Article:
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Has Anyone Since Buddha Reached Nirvana, Really?

 
 
Asherman
 
  1  
Reply Sun 18 Jul, 2004 08:24 pm
Don't recall ever meeting the man. He sounds like a lot of American Buddhists who try awefully hard to be anything but American, and adopt a religious zeal that is "off-putting" to a lot of folks. Basically, I don't think they are really ready to go out as priests or nuns, but they go anyway and insist that they know more than anyone less "Japanese", "Tibetan", etc. Oh well, every little bit helps and we have plenty of time.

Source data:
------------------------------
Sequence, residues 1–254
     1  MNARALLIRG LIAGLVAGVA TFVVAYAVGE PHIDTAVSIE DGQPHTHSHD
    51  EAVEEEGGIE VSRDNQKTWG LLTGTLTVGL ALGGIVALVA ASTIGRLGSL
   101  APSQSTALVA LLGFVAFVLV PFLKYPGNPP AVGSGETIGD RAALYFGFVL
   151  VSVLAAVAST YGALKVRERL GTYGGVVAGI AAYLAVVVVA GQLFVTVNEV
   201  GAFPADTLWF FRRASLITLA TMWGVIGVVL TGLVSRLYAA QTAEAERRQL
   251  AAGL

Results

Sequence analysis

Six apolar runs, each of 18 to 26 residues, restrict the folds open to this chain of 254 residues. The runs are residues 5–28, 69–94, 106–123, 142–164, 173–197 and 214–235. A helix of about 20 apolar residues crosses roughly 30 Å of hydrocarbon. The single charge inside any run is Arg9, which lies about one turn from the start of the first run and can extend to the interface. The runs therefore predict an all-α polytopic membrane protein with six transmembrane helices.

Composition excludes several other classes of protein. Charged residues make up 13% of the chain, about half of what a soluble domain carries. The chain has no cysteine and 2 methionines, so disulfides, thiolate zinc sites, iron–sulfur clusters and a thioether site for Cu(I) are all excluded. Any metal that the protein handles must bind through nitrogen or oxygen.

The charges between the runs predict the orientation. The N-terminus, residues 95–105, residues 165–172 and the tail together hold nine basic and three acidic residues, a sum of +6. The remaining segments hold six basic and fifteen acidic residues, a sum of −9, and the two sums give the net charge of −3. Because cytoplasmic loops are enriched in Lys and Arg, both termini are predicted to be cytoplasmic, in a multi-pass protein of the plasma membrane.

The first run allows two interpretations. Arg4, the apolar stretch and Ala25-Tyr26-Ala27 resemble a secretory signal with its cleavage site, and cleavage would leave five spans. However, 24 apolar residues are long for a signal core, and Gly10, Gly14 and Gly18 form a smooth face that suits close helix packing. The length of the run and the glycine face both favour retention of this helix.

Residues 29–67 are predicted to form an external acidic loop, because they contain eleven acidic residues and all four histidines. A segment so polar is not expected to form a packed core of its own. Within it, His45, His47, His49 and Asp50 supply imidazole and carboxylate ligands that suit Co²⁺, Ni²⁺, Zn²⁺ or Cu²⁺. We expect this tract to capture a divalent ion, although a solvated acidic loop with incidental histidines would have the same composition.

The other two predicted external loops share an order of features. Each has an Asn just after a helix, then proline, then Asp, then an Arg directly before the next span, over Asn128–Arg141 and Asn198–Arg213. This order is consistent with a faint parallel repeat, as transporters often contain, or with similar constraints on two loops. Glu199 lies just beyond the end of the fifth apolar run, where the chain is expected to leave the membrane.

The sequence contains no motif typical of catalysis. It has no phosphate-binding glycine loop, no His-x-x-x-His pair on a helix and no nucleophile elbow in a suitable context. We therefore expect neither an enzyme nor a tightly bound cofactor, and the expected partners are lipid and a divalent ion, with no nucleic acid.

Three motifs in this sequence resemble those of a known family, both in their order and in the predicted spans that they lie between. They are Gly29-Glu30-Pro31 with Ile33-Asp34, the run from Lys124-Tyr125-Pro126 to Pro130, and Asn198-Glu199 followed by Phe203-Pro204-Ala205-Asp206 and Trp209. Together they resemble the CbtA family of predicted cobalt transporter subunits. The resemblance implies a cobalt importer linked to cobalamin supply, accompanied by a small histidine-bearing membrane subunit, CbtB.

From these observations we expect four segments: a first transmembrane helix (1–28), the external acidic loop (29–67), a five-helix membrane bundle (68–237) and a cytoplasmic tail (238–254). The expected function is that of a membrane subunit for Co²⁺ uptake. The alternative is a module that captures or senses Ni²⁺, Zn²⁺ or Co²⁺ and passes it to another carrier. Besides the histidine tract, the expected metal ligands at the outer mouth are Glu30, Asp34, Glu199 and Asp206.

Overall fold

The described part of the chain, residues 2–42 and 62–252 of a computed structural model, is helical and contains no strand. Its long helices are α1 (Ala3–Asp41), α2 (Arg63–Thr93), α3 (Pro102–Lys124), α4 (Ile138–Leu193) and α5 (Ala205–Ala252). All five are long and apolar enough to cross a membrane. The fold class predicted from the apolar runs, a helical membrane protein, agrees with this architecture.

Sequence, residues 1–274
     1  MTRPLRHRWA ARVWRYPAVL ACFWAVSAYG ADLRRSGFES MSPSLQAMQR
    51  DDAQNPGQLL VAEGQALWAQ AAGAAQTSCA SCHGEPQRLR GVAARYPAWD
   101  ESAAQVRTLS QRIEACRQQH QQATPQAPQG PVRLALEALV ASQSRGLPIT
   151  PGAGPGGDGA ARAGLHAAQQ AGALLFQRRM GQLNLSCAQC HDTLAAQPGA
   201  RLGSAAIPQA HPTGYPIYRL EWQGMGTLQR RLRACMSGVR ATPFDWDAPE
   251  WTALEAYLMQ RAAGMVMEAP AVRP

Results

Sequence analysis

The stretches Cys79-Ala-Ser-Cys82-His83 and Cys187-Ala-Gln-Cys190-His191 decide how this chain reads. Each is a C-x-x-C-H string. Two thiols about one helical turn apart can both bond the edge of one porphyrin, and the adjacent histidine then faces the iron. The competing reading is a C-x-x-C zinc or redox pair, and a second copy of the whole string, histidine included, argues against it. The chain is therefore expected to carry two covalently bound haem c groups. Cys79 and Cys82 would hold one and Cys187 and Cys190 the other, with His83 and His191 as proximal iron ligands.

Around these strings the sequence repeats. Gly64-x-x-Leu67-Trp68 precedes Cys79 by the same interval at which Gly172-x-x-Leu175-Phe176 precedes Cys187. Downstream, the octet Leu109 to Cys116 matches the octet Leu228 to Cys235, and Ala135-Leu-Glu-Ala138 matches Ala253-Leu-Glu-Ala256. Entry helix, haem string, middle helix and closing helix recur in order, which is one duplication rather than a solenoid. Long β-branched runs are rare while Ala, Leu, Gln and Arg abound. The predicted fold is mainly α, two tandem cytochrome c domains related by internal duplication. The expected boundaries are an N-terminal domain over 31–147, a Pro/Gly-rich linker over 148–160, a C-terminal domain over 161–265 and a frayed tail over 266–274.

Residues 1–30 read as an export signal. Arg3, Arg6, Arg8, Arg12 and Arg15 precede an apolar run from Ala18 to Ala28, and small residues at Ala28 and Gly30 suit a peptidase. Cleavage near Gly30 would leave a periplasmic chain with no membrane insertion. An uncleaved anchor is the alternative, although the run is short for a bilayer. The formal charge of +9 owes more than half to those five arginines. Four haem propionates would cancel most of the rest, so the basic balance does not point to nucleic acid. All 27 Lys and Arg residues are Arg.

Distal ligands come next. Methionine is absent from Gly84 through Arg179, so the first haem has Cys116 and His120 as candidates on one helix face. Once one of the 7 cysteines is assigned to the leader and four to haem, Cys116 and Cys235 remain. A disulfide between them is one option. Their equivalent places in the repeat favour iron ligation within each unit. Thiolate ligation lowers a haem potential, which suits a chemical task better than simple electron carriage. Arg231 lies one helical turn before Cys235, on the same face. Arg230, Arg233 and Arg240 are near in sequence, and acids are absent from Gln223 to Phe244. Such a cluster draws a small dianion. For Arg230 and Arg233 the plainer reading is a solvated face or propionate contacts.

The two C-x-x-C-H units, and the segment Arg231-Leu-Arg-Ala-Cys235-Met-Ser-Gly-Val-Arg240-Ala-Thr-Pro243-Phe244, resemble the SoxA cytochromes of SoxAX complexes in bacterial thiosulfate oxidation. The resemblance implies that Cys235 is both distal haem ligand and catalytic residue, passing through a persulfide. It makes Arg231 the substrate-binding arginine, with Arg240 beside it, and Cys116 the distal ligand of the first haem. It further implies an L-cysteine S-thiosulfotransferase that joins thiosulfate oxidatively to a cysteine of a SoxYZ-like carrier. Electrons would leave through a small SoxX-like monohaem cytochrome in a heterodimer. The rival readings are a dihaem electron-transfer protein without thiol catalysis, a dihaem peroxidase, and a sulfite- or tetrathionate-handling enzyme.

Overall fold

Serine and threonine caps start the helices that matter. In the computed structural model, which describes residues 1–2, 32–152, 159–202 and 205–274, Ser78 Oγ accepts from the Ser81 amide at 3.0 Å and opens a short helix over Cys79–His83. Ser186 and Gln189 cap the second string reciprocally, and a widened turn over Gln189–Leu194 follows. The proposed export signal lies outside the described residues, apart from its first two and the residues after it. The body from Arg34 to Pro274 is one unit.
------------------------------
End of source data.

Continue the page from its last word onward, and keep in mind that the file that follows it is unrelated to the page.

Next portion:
0 Replies
 
najmelliw
 
  1  
Reply Mon 19 Jul, 2004 03:07 pm
While I try to exist as a social individual(hmm... is that even possible? or a contradiction in termino?) in our current day society (I live in the Netherlands btw.), I am somewhat convinced that each individual has an almost solipsistic inner life. enlightenment may come to different people in different forms.
Perhaps some find enlightenment after years of meditating. Others may find enlightenment in the process of meditating itself. While I don't use drugs myself(there are plenty of people out there who believe all dutch people are both incredibly greedy and use drugs all the time, I met them) I do believe that there is some truth in the words mindexpanding drugs.
Maybe some people find enlightenment by gardening.